We’re entering a new era in terms of low orbit space flight, ladies and gents. SpaceX successfully launched the first in a dozen planned missions to supply the International Space Station, after it successfully tested its Dragon capsule and Falcon rocket earlier this year.
Thirty years ago, a private company launching shuttles to the ISS would have been a comic book subject and nothing more. But SpaceX, the company owned by the brilliantly ambitious Elon Musk, managed to do just that, managing to begin its first true operation after the test in May. This is becomes even more important when put into perspective: the US shut down its space shuttle program so it now has to rely on private enterprises to carry cargo to and from the inhabited satellite.
“We are right where we need to be at this stage in the mission,” SpaceX chief Elon Musk, the PayPal and Tesla Motors founder, said in a statement. “We still have a lot of work to do, of course, as we guide Dragon’s approach to the space station. But the launch was an unqualified success.”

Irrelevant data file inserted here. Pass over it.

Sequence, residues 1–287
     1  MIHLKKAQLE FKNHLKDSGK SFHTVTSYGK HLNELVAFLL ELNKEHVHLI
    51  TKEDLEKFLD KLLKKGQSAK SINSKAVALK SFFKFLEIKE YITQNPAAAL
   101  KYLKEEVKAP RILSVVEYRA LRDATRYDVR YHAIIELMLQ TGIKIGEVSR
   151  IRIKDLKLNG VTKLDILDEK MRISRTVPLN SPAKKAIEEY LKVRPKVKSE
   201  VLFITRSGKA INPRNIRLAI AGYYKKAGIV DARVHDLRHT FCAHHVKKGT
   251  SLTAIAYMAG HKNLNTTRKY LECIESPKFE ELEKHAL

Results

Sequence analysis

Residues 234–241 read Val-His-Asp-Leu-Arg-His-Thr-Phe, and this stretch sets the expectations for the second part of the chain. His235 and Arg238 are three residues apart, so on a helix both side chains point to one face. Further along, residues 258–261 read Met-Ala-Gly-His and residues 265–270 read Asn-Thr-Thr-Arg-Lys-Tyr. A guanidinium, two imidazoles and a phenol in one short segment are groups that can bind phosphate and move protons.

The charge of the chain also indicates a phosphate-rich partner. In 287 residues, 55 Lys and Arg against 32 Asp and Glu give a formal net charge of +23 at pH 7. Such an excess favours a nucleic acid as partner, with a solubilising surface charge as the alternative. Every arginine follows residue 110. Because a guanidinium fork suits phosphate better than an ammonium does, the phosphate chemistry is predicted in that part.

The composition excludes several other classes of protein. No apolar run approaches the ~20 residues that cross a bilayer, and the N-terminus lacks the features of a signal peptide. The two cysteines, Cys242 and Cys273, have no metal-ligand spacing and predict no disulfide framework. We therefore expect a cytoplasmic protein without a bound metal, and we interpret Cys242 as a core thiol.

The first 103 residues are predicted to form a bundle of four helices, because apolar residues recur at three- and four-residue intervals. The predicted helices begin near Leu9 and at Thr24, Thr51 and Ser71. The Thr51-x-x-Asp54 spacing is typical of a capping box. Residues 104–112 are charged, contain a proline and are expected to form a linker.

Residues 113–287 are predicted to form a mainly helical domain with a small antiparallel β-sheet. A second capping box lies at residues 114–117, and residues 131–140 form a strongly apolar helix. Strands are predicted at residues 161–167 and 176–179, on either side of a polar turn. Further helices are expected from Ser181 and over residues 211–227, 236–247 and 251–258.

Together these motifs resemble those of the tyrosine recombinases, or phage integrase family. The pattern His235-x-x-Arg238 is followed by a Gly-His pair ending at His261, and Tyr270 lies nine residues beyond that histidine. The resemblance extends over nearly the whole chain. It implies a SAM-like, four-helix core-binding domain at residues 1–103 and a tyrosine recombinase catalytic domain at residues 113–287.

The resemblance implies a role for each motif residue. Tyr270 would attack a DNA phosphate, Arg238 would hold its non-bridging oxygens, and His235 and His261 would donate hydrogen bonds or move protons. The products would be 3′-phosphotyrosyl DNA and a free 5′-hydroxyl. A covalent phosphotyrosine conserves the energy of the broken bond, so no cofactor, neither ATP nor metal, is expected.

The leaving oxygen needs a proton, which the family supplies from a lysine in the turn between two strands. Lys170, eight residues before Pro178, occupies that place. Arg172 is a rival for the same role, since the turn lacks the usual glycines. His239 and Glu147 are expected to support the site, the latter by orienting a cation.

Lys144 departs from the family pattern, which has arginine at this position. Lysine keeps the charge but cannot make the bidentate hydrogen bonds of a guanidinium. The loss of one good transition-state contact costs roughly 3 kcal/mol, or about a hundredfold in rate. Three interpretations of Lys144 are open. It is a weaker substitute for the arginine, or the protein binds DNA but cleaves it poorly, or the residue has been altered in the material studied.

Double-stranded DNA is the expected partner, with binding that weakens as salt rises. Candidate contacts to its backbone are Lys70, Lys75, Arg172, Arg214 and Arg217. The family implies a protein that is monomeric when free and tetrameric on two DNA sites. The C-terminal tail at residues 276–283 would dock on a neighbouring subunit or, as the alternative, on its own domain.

After some initial hassle in the first test, SpaceX seems to be doing just great. Dragon will attach itself to the ISS on Wednesday, where it will hang around for two weeks before unzipping and returning to Earth. It is currently the only shuttle on Earth capable of shipping such big amounts of supplies, which include station hardware and scientific materials. It is estimated that the cargo is worth about $1.6 billion, and hopefully, the shuttle will be able to carry humans in the near future.
Andrei's background is in geophysics, and he's been fascinated by it ever since he was a child. Feeling that there is a gap between scientists and the general audience, he started ZME Science -- and the results are what you see today.